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The COVID-19 pandemic has upended many aspects of undergraduate medical education, including visiting clinical rotations, a cornerstone of the application process.

The Coalition for Physician Accountability called for the suspension of visiting or external rotations for the 2020-2021 residency application cycle, with exceptions for students without a home residency program and students needing them for graduation or accreditation requirements.

Visiting rotations are important for students as well as residency programs. For students, these programs provide expanding opportunities for advanced clinical experience, individualized mentorship, and an insight into resident life. Programs also benefit from evaluating a candidate’s fit.

To help fill this void, the GW School of Medicine and Health Sciences Dermatology Residency Program in Washington, DC created virtual rotations for interested students.

Residency and Associate Residency Program Directors, Adam Friedman, MD and Joseph Zahn, MD, in collaboration with second year residents Drs. Blair Allais and Jessica Kalen, developed a four-week virtual visiting rotation that allowed interested students to interact remotely with residents and faculty. The program was open to five rotators per month. Through videoconferencing platforms, students participated in various educational activities, such as journal club, clinicopathologic conference, grand rounds, Kodachrome review, and other resident didactics. Moreover, virtual happy hours and faculty mentoring sessions allowed for more personalized engagement. Each student was afforded one-on-one Zoom time with Drs. Friedman and Zahn. All rotators were also invited to deliver a presentation on a topic of their choice at the end of the rotation.

“While virtual rotators were not able to see patients with us, students were invited to attend any and all didactics, which are held throughout the week,” Dr. Friedman says.The program was about 10-11 hours per week. A typical in-person visiting rotation, by contrast, takes place five days a week from 8am to 5pm.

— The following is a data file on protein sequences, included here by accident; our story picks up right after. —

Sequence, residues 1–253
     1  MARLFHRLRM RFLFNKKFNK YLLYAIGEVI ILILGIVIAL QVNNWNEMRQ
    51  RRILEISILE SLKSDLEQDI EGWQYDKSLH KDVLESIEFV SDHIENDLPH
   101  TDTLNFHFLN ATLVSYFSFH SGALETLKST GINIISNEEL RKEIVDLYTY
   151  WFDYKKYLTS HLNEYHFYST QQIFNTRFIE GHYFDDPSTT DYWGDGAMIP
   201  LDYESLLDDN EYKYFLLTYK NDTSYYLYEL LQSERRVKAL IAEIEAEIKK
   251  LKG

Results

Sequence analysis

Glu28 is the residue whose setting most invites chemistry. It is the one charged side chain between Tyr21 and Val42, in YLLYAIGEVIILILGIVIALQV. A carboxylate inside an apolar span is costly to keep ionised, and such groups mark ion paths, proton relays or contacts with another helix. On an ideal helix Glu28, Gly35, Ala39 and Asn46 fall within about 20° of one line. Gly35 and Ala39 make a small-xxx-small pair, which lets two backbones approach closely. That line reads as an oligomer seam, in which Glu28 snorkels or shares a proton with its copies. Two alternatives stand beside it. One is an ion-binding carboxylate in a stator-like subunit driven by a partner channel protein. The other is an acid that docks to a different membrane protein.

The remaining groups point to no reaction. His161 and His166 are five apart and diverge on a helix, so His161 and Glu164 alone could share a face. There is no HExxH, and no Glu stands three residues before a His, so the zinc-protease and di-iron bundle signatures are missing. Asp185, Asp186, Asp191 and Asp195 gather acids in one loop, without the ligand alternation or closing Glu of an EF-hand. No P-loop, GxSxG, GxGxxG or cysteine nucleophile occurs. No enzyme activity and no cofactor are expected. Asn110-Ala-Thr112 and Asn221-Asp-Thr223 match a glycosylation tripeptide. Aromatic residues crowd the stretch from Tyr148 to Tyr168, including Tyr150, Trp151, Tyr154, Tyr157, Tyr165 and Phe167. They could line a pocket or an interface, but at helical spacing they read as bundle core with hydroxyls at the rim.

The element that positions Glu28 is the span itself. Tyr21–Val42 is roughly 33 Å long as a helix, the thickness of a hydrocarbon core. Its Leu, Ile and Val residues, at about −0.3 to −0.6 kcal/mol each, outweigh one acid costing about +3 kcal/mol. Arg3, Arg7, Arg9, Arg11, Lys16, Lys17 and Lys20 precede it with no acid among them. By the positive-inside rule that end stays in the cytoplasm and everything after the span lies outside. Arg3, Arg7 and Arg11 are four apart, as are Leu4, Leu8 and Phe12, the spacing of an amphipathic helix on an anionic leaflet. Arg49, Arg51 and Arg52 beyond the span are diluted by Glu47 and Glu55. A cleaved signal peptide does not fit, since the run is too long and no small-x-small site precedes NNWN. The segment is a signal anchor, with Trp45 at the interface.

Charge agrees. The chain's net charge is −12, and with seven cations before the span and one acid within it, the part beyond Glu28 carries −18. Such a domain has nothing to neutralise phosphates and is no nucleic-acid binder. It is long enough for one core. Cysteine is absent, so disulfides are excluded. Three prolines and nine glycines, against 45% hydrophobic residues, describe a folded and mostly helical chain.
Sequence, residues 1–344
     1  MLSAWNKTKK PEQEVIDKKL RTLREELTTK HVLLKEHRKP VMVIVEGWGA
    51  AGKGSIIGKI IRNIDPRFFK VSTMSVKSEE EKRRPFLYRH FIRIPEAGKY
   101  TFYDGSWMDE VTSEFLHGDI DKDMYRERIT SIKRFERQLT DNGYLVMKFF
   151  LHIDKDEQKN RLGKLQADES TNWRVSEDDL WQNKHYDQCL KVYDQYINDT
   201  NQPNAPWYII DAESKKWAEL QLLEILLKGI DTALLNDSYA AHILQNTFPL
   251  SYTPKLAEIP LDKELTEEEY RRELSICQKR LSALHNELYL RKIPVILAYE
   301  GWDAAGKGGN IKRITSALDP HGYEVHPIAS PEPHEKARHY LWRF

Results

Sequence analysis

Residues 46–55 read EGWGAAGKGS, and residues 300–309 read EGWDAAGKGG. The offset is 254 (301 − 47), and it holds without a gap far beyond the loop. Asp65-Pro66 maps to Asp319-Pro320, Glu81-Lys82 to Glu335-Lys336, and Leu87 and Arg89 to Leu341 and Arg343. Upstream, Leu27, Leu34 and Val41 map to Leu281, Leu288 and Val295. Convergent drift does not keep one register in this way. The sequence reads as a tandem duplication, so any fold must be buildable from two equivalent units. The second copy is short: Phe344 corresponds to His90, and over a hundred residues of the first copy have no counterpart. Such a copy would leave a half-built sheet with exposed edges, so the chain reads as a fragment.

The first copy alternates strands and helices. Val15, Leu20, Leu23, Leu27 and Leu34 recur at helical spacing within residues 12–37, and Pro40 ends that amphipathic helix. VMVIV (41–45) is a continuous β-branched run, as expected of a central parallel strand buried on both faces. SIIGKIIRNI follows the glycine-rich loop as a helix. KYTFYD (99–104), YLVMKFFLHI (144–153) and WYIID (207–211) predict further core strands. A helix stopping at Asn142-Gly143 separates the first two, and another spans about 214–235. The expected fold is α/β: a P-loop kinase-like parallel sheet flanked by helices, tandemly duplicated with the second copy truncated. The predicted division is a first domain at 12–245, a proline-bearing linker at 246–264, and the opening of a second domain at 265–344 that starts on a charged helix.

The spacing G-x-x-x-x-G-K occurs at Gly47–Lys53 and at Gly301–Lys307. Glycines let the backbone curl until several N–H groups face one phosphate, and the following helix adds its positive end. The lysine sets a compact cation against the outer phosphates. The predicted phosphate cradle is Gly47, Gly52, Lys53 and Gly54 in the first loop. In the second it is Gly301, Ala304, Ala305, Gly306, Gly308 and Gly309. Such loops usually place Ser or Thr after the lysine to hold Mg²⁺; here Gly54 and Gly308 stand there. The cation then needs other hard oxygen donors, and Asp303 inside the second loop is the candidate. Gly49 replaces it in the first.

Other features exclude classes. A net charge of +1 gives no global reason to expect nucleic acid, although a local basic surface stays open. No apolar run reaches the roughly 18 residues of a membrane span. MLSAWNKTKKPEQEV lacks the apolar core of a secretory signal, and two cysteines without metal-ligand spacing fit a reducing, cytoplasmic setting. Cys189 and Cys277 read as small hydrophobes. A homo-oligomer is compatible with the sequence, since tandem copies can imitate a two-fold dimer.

By and large, the virtual program was deemed a big success. At the conclusion of the virtual rotations, students were surveyed to evaluate their experience. The majority of the rotators were ‘‘very satisfied’’ with the clinical curriculum, learning objectives, formal didactics, ability to assess the residents, faculty advising, and diversity and inclusion initiatives. Fully 39 percent said they might not have had the traditional advantage to rotate with this program either.

The full survey results are published as a research letter in the June 1, 2021 issue of the Journal of the American Academy of Dermatology.

“It was meaningful,” Dr. Friedman says. “Across the board, students were happy they participated and learned a lot about our program.”

He admits he leaped before he looked when creating this program. “We crafted a rotation with the mindset that it was a taste,“ he recalls. “Very few dermatology programs offered such a program, so we hoped that it could serve as a template for others.”

While participating in a virtual rotation did not guarantee an interview for a coveted residency slot, one of the two available slots at GW School of Medicine and Health Sciences Dermatology Residency Program did go to virtual rotator Adam Harris Rosenfeld, MD, a medical student at University of Missouri School of Medicine in Columbus.

Dr. Rosenfeld begins his intern year this month at MacNeal Hospital in Chicago and starts his residency at GW in the summer of 2022. “Navigating the resident application cycle with COVID-19 was a challenge,” he says. Dr. Rosenfeld was interested in the GW program, so when the virtual rotation became available, he jumped at the chance. “I was able to get to know the residents and faculty even from 1,000 miles away in Columbus, MO.”

It was a great opportunity to meet with faculty and program directors and then, of course, to get a sense of program through didactics and see how the residents interact with each other and get a feel for the culture of the program,” Dr. Rosenfeld says. “It exceeded my expectations.”

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